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Dear Most Esteemed and Knowledgeable Kitties:

I recently heard on the radio that Ellen DeGeneres is coming out with a line of vegan cat food. Is that even a healthy possibility for our cats? I thought they naturally ate meat proteins.

~ Donna

A cat yawning. Image courtesy of Free-Extras.com

Do these look like the teeth of an herbivore to you? Image courtesy of free-extras.com

Siouxsie: After all four of us (that would be the three of us cats and Mama too) went “WHAAAAT?!?” when we heard that Ellen’s pet food company is coming out with a line of vegan cat foods, we did some research to verify this fact. It seems that this tidbit has been reported in more than one place, so we’re reasonably certain there’s some truth to it. (Update Dec. 12, 2011: it seems the rumor about Ellen’s line of vegan pet foods — including cat food — has been substantiated. Read the article here.)

Update again: In response to questions from its followers, Halo tweeted on Tuesday, Dec. 13, that they have no plans to introduce a vegan cat food — although they do have plans to introduce a vegan dog food in 2012. We apologize for any part we had in spreading this misinformation.

Halo's tweet that they have no plans to introduce a vegan diet for cats.

Thomas: Apparently there’s a fairly decent niche business in the vegan pet food market. We even found a website that sells only vegan dog and cat foods.

Dahlia: We know quite a few vegan humans, and we understand and respect the health, spiritual and political reasons for their choice to embrace an animal product-free lifestyle. But the fact of the matter is that while most humans can live well on a vegetarian or vegan diet, cats can’t — no matter what PETA or the celebrity talking-head of the week says.

Siouxsie: Cats are obligate carnivores. They have to eat meat in order to stay healthy. While many domestic cats seem to do okay on grain-based kibble, it does not provide optimum nutrition. In fact, a number of veterinarians and nutritionists attribute the alarming rise in feline obesity and diseases like diabetes and chronic urinary and digestive problems to a carbohydrate-rich diet.

The teeth of a carnivore on the left and those of an herbivore on the right. Herbivores have lots of molars for grinding their food. They also don't have fangs or incisors. Carnivores like cats, on the other hand, have few if any molars and the teeth they do have are designed for ripping, not grinding. Image courtesy of the U.S. Bureau of Land Management

Thomas: How do we know cats are carnivores? First, just take a look at their anatomy. While humans and herbivorous (plant-eating) animals like horses have relatively large stomachs, molars designed for grinding food, and a long intestinal tract that allows time to absorb nutrients from plant foods, cats have small stomachs, short intestines, and teeth designed for ripping meat off bones and swallowing it whole.

Thomas: And because cats evolved to be such specialized carnivores, their bodies lack the chemicals necessary to digest and use the energy from grains.

Dahlia: Because we’re designed to be meat eaters, our livers are always creating the enzymes needed to break down proteins. In humans and other omnivorous animals, the liver starts and stops making the enzymes as needed.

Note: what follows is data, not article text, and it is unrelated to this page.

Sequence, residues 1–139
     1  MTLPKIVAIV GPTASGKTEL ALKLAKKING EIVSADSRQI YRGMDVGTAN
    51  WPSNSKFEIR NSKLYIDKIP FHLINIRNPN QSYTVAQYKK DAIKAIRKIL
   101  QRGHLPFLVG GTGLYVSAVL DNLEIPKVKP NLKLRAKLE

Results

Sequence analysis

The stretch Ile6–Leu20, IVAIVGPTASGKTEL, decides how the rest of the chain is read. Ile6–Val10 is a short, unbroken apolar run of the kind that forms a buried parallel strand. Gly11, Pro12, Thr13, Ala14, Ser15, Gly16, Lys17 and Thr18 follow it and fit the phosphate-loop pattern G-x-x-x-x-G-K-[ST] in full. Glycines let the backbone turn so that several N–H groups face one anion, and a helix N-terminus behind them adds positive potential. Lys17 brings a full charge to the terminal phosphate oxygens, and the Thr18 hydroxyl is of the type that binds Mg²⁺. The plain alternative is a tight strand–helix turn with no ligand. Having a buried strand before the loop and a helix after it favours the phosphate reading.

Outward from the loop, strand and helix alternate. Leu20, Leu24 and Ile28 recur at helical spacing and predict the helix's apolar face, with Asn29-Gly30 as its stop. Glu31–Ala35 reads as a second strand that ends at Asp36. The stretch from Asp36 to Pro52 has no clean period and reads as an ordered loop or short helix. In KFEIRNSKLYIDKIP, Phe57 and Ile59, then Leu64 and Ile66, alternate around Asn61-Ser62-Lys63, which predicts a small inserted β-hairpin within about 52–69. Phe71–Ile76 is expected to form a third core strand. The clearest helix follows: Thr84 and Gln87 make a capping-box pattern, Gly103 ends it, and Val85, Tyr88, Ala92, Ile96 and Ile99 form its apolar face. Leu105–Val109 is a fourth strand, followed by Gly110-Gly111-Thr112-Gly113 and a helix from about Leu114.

Siouxsie: That’s one reason why cats get so sick if they don’t eat for a while. If there’s no food to break down, a cat’s body starts breaking down the proteins that keep the body functioning.

Thomas: While humans and other animals are able to manufacture an enzyme called Taurine, cats aren’t. We need to get our taurine from the food we eat, and the best source of taurine is … meat.

Dahlia: Sure, pet food manufacturers supplement the cat foods they make with a variety of vitamins and nutrients, including taurine, but eating an unnatural diet — whether it’s a vegan diet or one composed strictly of colorful meat-flavored kibbles — is, in the long run, not the healthiest choice for your cat.

Siouxsie: So, exactly what’s in vegan cat food? And how do they make it palatable for carnivorous animals?

Thomas: Mama went to the vegan pet food website we mentioned earlier (we’re not going to link to it, but you can Google “vegan cat food” and it’ll appear in the top of the results) and took a look at the ingredients in some of these products.

Dahlia: Every single pre-made vegan kibble at that site was filled with grain! The first three ingredients in one vegan kibble were corn gluten, corn oil, and rice protein. Another vegan kibble’s ingredient list began with whole grain ground wheat, corn gluten meal and soybean meal.

Siouxsie: The vegan canned cat food wasn’t much better. Its first three ingredients (after “water sufficient for processing”) were peas, brown rice and avocado.

Thomas: If I ate those foods, I’d get so sick! I’d be crying in pain and having awful, awful diarrhea all the time!

Dahlia: There, there, Thomas. It’s okay. Mama knows you have a serious sensitivity to grains and she would never feed you anything that would make you suffer like that.

Siouxsie: Even if Thomas didn’t have digestive issues, we still wouldn’t eat cat food with grain in it. Like we said earlier, cats’ bodies are not designed to digest grain. We strongly advocate for grain-free diets for all cats, whether or not they can eat grain without getting obviously sick.

Thomas: The botrom line, Donna, is — you’re right. Cats do need to eat meat protein to be healthy.

Dahlia: And if you want a fluffy pet that’s also a vegan … get a bunny!

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